Home Charlotte Press Releases 2014 Former Charlotte Mayor Pleads Guilty to Public Corruption Offense

Former Charlotte Mayor Pleads Guilty to Public Corruption Offense
Patrick Cannon Admitted to Carrying Out a Bribery Scheme and Accepting at Least $50,000 in Exchange for Using His Official Position to Benefit His Payors

U.S. Attorney’s Office June 03, 2014
  • Western District of North Carolina (704) 344-6222

CHARLOTTE, NC—Former Charlotte Mayor Patrick D. Cannon pleaded guilty today to one count of honest services wire fraud, announced Anne M. Tompkins, U.S. Attorney for the Western District of North Carolina, and John A. Strong, Special Agent in Charge of the Federal Bureau of Investigation (FBI), Charlotte Division.

A federal criminal bill of information charging the former mayor and a filed plea agreement were unsealed on Monday, June 2, 2014. Cannon, 47, appeared in court today and formally pleaded guilty to the charge before U.S. Magistrate Judge David S. Cayer.

“Former Mayor Cannon used his elected official position to enrich himself at the expense of the city of Charlotte,” said U.S. Attorney Tompkins in making today’s announcement. “Through his actions, Cannon betrayed the trust of his constituents and his peers, compromised the integrity of our local government, and damaged Charlotte’s good reputation as a city that does business the honest way. Cannon will now be held accountable for depriving the citizens of Charlotte of their right to his honest and faithful services and for putting personal gain over the greater good. As we move forward, let one message be clear: My office will continue to investigate allegations of public corruption and go after anyone who uses public office as a means of getting rich. Charlotte has no room for corrupt politicians.”

“This nearly four-year investigation was complex and required a great deal of diligence and dedication from the FBI special agents and prosecutors involved. By its very nature, public corruption is conducted in a shroud of secrecy and can be difficult to detect. Fortunately, the FBI has the capability to use a number of lawful, sophisticated tools and techniques to capture key evidence. The criminal actions of Patrick Cannon brought undeserved shame and embarrassment upon the city of Charlotte. As the city begins to heal, citizens should be reassured this investigation does not end with today’s guilty plea. FBI agents will continue to follow the trail of evidence in this case and look into related allegations as the investigation moves forward,” said John A. Strong, Special Agent in Charge of the FBI in North Carolina.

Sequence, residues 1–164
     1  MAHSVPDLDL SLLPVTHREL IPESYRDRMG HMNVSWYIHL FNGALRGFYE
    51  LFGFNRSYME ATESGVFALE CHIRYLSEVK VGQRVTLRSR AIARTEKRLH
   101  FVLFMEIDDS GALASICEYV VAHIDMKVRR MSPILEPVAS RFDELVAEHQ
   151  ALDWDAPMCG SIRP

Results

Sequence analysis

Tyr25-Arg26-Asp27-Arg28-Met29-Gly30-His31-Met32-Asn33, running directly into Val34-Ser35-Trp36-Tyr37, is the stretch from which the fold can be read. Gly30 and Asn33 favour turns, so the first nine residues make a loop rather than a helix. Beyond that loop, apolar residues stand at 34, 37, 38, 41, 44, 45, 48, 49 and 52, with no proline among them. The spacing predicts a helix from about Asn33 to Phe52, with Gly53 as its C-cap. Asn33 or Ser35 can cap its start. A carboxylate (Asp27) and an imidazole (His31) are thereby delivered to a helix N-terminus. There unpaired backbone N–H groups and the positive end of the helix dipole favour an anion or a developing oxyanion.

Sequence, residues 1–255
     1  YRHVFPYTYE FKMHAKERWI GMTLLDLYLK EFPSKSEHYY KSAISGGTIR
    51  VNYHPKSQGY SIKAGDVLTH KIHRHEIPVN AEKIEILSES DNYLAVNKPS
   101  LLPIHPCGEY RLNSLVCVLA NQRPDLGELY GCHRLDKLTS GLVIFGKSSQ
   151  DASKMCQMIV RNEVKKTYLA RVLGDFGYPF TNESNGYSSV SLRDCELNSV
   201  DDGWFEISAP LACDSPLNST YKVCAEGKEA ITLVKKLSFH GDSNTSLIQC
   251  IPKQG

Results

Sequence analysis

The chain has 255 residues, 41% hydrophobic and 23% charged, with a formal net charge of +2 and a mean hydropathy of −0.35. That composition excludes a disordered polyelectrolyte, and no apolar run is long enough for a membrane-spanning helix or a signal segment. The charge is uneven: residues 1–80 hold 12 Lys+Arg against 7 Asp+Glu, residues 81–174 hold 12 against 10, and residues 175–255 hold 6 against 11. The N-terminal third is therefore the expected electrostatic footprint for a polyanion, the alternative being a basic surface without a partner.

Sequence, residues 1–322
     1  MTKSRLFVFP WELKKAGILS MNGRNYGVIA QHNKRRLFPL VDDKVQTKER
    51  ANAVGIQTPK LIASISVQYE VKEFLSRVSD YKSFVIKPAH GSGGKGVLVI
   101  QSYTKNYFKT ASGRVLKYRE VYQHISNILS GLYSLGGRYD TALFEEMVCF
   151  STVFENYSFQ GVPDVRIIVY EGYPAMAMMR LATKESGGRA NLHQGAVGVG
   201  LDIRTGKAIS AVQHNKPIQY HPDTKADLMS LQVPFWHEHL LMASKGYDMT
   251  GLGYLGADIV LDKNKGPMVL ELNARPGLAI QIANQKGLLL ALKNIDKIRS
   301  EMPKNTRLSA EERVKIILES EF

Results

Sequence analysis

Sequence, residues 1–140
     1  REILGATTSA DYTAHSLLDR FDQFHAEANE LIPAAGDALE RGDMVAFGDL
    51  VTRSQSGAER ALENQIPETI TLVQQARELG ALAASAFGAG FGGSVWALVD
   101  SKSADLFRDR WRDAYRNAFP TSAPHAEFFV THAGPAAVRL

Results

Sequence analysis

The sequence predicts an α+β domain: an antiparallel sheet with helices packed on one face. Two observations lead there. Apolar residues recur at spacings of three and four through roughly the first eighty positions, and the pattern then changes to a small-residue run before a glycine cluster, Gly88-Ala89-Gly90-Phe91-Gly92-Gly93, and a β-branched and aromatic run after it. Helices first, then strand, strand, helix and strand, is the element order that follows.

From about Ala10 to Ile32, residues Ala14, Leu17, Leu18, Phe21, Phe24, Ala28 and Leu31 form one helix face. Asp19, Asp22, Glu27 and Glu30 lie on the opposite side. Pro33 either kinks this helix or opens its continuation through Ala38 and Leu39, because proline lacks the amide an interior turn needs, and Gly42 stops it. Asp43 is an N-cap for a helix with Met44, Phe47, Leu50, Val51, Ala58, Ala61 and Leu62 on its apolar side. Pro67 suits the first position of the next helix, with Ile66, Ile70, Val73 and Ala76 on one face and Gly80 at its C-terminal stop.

According to the criminal bill of information to which Cannon pleaded guilty, other documents filed in this case and statements made in court

Background

Beginning in on or about December 7, 2009 and continuing through March 26, 2014, Cannon devised a bribery scheme and used his official position to enrich himself. During the course of the scheme, Cannon was an elected official serving as a member of the city council, and/or mayor pro tem or mayor of the city of Charlotte. During the relevant time period, Cannon solicited and accepted gifts, payments, and other things of value in exchange for a pattern of official actions favorable to the persons who secretly paid him. Specifically, Cannon accepted a total of at least $50,000 from a Charlotte business owner and two undercover agents posing as investors interested in opening businesses in Charlotte. Cannon accepted the bribes in exchange for use of his official position on an “as needed” basis, including communicating with city and county officials and others to assist his payors’ projects and intervening with any zoning, permitting and transportation issues, among others. Cannon’s actions and fraudulent bribery scheme defrauded the citizens and the government of Charlotte and deprived them of their right to Cannon’s honest and faithful services.

The Schemes to Defraud

The Scheme to Solicit and Accept Things of Value from Businessman No. 1 (“BM1”)

The criminal bill of information identifies BM1 as the owner of a company that owns and operates a live adult entertainment club in the Charlotte area (the club). During the relevant time period, Cannon secretly solicited, accepted, and agreed to accept periodic payments and checks from or on behalf of BM1 in exchange for Cannon’s use of his elected offices to exert influence over city zoning, planning, and transportation officials, as needed or required by BM1. Specifically, in and around January 2013, Cannon accepted approximately $2,000 in cash from BM1 in exchange for Cannon’s influence in relocating the club away from the proposed LYNX Blue Line Extension (BLE), thereby enabling BM1 to keep his establishment open as an adult club.

The Scheme to Solicit and Accept Things of Value from Undercover Employee No. 1 (UCE1)